DJ Booth:  You didn’t want anybody from Atlanta to hear the interview and then get upset with you – is that what it was?

Lloyd:  [laughter] Exactly!

DJ Booth:  Important question – speaking of the A, when I first heard your appetizer single, How We Do It (Around My Way), it was really How We Do It In The A, so what happened behind the scenes that made “The A” become “Around My Way?”

Lloyd:  Well, again, it’s more universally appealing.  “In The A,” is very sectional;, and it’s very very territorial; it’s all about representin’ where you from, and this is where I’m from.  I wanted to represent that in a way that’s very vocal.  The best way to say that is to incorporate the city in the title, to let people know that this is about the ATL, but also, you guys do it in a way that no one else can do it – why not make a version for different cities on top of the A?  I have a version called In The A, I also have a version for LA, a version for the Bay, or a version for MIA and VA.  And most recently I did a remix that’s very cool for the UK, which incorporates a young rapper by the name of Sway, who’s also signed to Universal Music, he’s incredible, and that’s gonna be something that’s only for the United Kingdom.

DJ Booth:  I gotta say, I’m a little disappointed; I’m from Chicago, and it seems like we’re not gonna get the remix, ‘cause we don’t have an ‘a’ in the short part of our city name.

Lloyd:  [laughter] You know, I faced that same problem with New York, man.  They’re like, “What about us?”  I’m like, “Well, how can we flip it?”  You gotta help me out, man!

DJ Booth:  I’ll think about it, and I’ll have to get back to you on it.

Lloyd:  Get back to me, please.

DJ Booth:  Definitely.  Well, we already know that Ludacris and Lil’ Wayne are going to be joining you on the album.  Any other notable guest appearances and/or production collaborations that you recently wrapped up in the studio, that you’re real excited about?

Lloyd:  Yeah.  Me and Nelly got down.  I also worked with a collaboration of producers.  First time I ever worked with Polow da Don, and I must say, we were up very very late in the morning, but time was of no value to us, ‘cause we were just havin’ a good time.  Polow, he’s incredible.  I also hooked back up with Jasper and Big Reece, who, together we formed a crew, we called “Street Love.”  And my friend J. Lack, who produced Get It Shawty.  Also, this young guy, Eric Hudson, who produced on the last record, and most recently produced Kanye West’s Flashing Lights; he created one of the more soulful songs on the album, called Treat You Good.  This album is much more soulful than last year.  Last year, I wanted to party, I wanted to have fun – that’s what Get It Shawty was all about.  This time around, I’m still having fun when I want to, but for the majority of the time, I want to show people that I have the skills to pay the bills; you know, I can really sing, and write great songs.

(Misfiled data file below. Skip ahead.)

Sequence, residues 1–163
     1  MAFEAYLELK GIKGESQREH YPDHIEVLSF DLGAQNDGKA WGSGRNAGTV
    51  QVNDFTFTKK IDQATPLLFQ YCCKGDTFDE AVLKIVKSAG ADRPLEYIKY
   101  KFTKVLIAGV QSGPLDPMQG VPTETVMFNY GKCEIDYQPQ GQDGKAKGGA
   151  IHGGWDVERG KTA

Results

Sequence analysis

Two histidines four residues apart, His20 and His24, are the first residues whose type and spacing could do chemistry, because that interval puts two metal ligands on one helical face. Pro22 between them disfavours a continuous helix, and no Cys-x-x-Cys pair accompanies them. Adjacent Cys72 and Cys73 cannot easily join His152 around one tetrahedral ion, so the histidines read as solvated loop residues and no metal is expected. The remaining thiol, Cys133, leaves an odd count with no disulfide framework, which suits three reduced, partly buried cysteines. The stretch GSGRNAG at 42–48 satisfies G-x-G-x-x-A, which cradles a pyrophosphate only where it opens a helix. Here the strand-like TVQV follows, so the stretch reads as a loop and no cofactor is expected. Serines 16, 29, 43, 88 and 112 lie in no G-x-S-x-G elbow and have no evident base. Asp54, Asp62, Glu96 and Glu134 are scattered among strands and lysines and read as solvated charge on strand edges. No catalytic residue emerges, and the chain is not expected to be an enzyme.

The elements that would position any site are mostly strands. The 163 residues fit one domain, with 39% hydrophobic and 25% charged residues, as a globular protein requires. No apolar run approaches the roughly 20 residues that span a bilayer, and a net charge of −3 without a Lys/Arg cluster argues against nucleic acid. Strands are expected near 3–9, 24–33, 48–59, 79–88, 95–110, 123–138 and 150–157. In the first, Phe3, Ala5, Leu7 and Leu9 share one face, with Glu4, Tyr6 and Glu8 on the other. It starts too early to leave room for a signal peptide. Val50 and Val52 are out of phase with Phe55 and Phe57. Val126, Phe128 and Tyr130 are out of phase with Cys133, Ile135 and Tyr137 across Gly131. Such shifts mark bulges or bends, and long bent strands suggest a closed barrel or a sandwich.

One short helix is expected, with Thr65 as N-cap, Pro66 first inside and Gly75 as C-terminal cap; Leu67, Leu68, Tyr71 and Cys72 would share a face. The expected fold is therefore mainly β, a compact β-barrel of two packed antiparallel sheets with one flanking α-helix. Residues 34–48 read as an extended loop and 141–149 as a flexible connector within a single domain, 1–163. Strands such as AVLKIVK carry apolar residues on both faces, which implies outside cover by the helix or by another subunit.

DJ Booth:  Let’s dive a little bit more into that.  With the success of Street Love, what are reasonable expectations for the new album?

Lloyd:  Well, success alone brings expectations.  I think that people expect a certain thing from Lloyd – that’s music that makes them feel good about their day, even when they’re havin’ a bad one.

DJ Booth:  Last year, I was very inquisitive, and I asked you to estimate how many tattoos you had at that time.  It’s been a year, I have to assume you’ve gone back to get some more ink – what’s the new number?

Lloyd:  Last year it was at, I believe, twenty-one.  I’m at about twenty-five, give or take a couple. [laughter]

DJ Booth:  Lloyd, give everyone a website or a MySpace page so they can find out more about the upcoming project dropping this summer.

Lloyd:  Well, I guess everybody’s on MySpace now, so if you happen to be on there, just come by my page; it’s myspace.com/lloyd – check me out.

DJ Booth:  I thank you so much for takin’ the time to join me inside the DJ Booth, and I wish you again, for the second year in a row, nothin’ but the best of luck on the upcoming project.

Lloyd:  Thanks, man; it’s always a pleasure to be back on the show.

Best of DJBooth